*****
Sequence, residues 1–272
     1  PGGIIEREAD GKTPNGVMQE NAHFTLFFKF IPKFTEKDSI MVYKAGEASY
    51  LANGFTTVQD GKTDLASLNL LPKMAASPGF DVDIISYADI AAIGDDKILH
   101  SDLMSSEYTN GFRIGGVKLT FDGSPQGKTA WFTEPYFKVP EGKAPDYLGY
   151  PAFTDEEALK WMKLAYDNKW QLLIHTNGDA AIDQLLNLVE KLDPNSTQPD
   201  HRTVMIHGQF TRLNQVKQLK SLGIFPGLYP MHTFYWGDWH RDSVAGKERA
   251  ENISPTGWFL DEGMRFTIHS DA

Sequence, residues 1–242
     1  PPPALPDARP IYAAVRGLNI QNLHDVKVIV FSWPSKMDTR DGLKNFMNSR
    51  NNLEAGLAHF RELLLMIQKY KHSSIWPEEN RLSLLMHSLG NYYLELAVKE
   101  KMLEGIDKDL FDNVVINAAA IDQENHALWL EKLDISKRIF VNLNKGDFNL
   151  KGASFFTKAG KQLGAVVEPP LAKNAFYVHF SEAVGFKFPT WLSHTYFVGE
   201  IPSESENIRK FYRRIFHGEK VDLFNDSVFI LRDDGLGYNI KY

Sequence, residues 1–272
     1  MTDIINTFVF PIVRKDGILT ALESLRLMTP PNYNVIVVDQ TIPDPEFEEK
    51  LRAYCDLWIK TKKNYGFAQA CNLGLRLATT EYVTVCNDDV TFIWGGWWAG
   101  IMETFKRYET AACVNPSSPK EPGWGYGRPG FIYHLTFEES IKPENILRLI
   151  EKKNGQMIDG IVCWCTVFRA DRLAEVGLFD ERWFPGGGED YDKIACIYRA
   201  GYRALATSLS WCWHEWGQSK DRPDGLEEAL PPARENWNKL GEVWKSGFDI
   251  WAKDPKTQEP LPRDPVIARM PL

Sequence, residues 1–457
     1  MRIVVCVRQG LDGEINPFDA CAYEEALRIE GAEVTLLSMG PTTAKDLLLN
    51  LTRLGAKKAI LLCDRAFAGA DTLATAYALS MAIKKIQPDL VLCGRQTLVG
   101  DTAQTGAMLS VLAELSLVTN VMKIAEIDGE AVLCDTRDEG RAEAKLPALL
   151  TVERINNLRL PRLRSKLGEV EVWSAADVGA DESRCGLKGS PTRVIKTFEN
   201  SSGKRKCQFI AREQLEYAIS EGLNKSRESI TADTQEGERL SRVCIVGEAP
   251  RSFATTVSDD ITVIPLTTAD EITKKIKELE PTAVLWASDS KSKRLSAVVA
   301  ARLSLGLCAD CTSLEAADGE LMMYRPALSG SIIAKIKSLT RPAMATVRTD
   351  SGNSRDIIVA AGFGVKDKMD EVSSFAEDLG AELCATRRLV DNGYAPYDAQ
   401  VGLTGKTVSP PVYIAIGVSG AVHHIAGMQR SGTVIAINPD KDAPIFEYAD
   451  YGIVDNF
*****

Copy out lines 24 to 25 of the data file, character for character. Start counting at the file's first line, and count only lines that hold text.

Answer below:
   101  DTAQTGAMLS VLAELSLVTN VMKIAEIDGE AVLCDTRDEG RAEAKLPALL
   151  TVERINNLRL PRLRSKLGEV EVWSAADVGA DESRCGLKGS PTRVIKTFEN